WASHINGTON (AP) — Instantly on the attack, allies of Republican leader Mitch McConnell launched a televised barrage against newly minted Democratic challenger Alison Lundergan Grimes in Kentucky’s high-stakes Senate race on Wednesday, a day after several states’ primaries also set up a Republican runoff in Georgia and left tea party insurgents still scratching for a breakthrough triumph.
Grimes countered with a new ad of her own, promising Kentucky’s voters, “no matter who the president is, I won’t answer to him, I’ll only answer to you.” It marked a quick attempt to neutralize McConnell’s assertion that she would serve as a rubber stamp for President Barack Obama.
The exchange underscored the president’s unpopularity in Kentucky, where a recent Courier-Journal Bluegrass poll of registered voters found that only 29 percent of those surveyed had a favorable opinion of him and 57 percent had an unfavorable one. McConnell’s ratings after 30 years in office are almost as bad, the poll said, 29 percent favorable and 49 percent unfavorable.
Kentucky and Georgia stand out as two of the most competitive races in the country this fall, at the center of a nationwide campaign in which Republicans are mounting a strong effort to gain six Senate seats and win a majority. Somewhat improbably, given the states’ strong Republican leanings, they also are the two where Democrats have their strongest hopes of winning seats currently in GOP hands and offsetting inevitable losses elsewhere.
Michelle Nunn, the easy winner of the Georgia Democratic nomination, campaigned in Atlanta on Wednesday and predicted the Republican runoff would be a “race to extremes and represents the acrimony and inflexibility that people are tired of already in Washington.”
Republicans David Perdue, a businessman, and veteran Rep. Jack Kingston, rivals in the 10-week runoff, previewed themes for their race as they looked for support from voters who backed former Secretary of State Karen Handel and Reps. Phil Gingrey and Paul Broun in the primary.
“‘If you like what’s going on in Washington, you’ve got a perfectly good politician to vote for,” Perdue said disparagingly of his runoff rival. “We got to this position because we presented an alternative to a career politician.”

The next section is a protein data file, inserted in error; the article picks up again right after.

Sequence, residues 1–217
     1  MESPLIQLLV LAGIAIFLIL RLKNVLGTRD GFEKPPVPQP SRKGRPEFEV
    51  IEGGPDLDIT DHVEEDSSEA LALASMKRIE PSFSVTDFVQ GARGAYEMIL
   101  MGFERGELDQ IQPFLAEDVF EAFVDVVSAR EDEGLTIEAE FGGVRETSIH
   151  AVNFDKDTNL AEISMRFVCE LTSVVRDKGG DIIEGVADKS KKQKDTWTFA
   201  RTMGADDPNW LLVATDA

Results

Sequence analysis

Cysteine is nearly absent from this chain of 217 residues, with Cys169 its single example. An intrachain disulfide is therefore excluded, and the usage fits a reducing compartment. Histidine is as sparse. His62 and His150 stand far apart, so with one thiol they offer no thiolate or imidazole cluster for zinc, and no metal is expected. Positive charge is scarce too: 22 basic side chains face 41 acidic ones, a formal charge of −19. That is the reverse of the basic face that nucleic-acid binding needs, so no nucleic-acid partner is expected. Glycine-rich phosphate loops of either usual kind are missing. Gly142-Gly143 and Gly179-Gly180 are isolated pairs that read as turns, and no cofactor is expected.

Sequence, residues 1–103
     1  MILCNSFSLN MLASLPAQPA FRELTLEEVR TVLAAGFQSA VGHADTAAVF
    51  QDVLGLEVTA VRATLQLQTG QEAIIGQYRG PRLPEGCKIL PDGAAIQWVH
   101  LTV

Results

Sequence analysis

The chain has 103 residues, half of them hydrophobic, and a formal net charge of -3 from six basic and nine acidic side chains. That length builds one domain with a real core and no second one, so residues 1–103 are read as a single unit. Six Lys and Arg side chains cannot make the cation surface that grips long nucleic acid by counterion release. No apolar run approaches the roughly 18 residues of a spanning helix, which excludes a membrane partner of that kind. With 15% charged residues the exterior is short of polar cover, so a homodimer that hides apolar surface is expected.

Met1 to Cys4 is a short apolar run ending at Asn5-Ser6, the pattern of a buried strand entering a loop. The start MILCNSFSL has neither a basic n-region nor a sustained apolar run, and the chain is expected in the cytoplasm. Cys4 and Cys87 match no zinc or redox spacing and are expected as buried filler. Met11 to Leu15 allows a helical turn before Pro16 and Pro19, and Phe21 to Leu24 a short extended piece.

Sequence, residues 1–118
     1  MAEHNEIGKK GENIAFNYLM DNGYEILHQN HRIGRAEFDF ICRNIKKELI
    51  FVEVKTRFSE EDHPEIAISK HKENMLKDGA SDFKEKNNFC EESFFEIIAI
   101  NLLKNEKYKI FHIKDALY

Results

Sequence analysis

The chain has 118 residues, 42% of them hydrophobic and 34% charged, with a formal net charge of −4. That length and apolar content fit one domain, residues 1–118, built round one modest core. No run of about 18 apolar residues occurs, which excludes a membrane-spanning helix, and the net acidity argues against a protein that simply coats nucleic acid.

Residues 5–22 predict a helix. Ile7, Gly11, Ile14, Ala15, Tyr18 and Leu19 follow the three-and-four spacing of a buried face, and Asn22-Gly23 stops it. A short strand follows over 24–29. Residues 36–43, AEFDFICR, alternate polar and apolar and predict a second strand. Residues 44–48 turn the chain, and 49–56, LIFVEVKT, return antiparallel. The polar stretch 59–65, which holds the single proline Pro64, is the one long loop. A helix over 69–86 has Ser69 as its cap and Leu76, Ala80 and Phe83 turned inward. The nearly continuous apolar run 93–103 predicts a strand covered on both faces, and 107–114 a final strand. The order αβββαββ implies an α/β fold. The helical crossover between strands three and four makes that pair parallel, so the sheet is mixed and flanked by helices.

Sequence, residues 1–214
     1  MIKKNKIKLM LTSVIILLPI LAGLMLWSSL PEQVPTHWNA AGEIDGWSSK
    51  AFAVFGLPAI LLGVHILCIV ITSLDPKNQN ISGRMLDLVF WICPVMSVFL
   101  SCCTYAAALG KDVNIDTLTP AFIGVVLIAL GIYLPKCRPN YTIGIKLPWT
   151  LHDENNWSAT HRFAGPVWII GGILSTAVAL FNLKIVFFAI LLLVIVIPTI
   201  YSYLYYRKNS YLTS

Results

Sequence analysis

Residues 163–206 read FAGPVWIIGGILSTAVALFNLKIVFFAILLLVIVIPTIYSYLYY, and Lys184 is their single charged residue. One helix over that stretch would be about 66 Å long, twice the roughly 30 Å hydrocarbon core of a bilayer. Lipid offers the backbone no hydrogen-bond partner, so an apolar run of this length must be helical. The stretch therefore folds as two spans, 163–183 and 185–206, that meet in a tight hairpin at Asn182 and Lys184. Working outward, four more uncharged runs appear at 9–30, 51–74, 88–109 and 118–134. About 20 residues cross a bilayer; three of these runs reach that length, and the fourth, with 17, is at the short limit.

Responded Kingston: “I think people would rather have a tested conservative than a moderate outsider,” a disparaging reference to Perdue.
The contests Tuesday across six states marked yet another series of high-profile setbacks for tea party groups and their allies who so far have failed to topple a single Republican incumbent this year. There are primaries ahead in Mississippi and Kansas where incumbent lawmakers face challenges from the right, and another ideologically tinged struggle is unfolding in Alaska, where Republicans seek a rival for Democratic Sen. Mark Begich.
McConnell’s triumph over challenger Matt Bevin in Kentucky marked the latest in a series of victories for a Republican establishment that was stung in 2010 and 2012. In both years, insurgents won primaries before seemingly winnable Senate races, in Nevada, Colorado, Missouri and Indiana, only to prove too conservative or undisciplined to prevail in November.
Party officials said the outcomes so far this year lessen chances the same thing will happen and increase their prospects for establishing a GOP Senate majority. For their part, vanquished challengers and their supporters claim to have pulled the already-conservative establishment rightward in the course of primary campaigns.
“Matt Bevin lost tonight, but his effort was not in vain as he has helped move conservatism forward and Sen. Mitch McConnell and the Republican Senate leadership to the right,” Drew Ryun of the Madison Project said as the Kentucky results rolled in.
Democrats readily agreed that Republicans have been pulled rightward, and said it would disadvantage the GOP in key races where the overall battle for Senate control will be decided.
“In order to avoid losing to the tea party, Washington Republicans have embraced their candidates and policies. It’s a good strategy in the primaries, but one that forecasts defeat for Republicans in the general election this fall,” Democratic spokesman Justin Barasky said in a memo summarizing the Tuesday night primaries.
It’s a theory that will be tested as much in Kentucky as anywhere else.
McConnell used testimonials in his television advertising from fellow Kentucky Sen. Rand Paul, a tea party favorite, and spent more than $9 million of his own campaign funds to dispatch tea party-backed challenger Bevin.
He also shifted his focus to the fall campaign, challenging Grimes to three debates “without an audience, without props and without notes.” She quickly accepted, assuming the details can be worked out. “I look forward to holding him accountable,” she said.
Back in the Senate, McConnell said tea party groups that spent about $1 million against him had now swung behind his candidacy.
At the same time, Kentuckians for Strong Leadership, a pro-McConnell group, launched a two-week air assault that says Grimes is backed by Obama’s allies from Hollywood and elsewhere. “Michelle Obama let the truth slip out at a new York City fundraiser, calling Grimes’ election critical to President Obama’s liberal agenda that’s hurting Kentucky,” it says.
An allied group, the Kentucky Opportunity Coalition, is slated to begin ads in two weeks — just after the current commercial stops running — and remain on the air until Aug. 27. The total cost is estimated at about $5 million, at a time when McConnell will be replenishing his own campaign coffers after the costly primary.
Eds: AP reporters Chuck Babington in Washington, Adam Beam in Beattyville, Kentucky, and Bill Barrow and Kathleen Foody in Atlanta contributed to this story,
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